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Life-Threatening Hyperkalemia Induced by Arginine

DAVID A. BUSHINSKY, M.D.; and F. JOHN GENNARI, M.D.
[+] Article and Author Information

Grant support: in part by Research Grant AM 18446 and Training Grant AM 07078 from the National Institutes of Health.

▸Requests for reprints should be addressed F. John Gennari, M.D.; Renal Service, Tufts-New England Medical Center Hospital; 171 Harrison Avenue; Boston, MA 02111.


Boston, Massachusetts


Ann Intern Med. 1978;89(5_Part_1):632-634. doi:10.7326/0003-4819-89-5-632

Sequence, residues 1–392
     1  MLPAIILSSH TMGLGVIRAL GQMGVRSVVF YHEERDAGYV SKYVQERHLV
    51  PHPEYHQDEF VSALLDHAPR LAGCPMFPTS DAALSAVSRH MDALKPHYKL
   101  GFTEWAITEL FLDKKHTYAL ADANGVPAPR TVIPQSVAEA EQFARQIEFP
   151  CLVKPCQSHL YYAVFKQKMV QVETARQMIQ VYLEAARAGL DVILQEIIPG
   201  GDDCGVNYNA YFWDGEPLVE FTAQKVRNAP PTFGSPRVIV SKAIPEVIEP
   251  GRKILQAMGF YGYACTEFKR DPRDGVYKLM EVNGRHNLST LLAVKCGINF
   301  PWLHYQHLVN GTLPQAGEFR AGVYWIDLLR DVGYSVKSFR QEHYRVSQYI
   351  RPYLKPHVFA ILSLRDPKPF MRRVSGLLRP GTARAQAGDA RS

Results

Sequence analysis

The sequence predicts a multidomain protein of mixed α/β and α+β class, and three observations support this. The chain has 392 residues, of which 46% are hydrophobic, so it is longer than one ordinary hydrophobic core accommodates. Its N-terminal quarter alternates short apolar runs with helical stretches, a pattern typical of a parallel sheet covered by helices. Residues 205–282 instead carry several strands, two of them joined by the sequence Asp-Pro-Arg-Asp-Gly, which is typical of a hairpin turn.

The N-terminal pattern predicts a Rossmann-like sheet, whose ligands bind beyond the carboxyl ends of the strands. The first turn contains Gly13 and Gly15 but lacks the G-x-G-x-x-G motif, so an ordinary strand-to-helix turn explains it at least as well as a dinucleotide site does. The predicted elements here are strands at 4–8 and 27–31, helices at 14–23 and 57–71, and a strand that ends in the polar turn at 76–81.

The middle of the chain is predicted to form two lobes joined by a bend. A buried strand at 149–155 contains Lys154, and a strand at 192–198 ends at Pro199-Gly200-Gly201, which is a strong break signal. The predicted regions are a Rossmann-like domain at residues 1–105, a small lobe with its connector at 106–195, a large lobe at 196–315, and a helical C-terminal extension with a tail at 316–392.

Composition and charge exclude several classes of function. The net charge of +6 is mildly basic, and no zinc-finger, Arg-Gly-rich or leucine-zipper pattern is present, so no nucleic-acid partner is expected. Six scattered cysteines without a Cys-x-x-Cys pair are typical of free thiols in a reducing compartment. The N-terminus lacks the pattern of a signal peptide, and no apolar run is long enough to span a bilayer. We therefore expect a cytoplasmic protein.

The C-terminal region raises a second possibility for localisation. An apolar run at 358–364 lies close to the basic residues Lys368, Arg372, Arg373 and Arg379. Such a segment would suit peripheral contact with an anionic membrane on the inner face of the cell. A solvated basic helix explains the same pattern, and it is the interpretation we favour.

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Marked hyperkalemia was observed during and immediately after an infusion of arginine monohydrochloride in two patients with severe hepatic disease and moderate renal insufficiency. Both patients had received brief courses of spironolactone before arginine treatment. In one of the patients, the hyperkalemia was associated with a fatal cardiac arrhythmia. Arginine has been shown to shift potassium from cells to the extracellular compartment, an effect directly related to its serum concentration. The profound hyperkalemia that occurred in these two patients is thought to be the result of an inability to metabolize the administered arginine and excrete the excess extracellular potassium. Caution is advised in administering arginine to patients with renal or hepatic insufficiency, or both.

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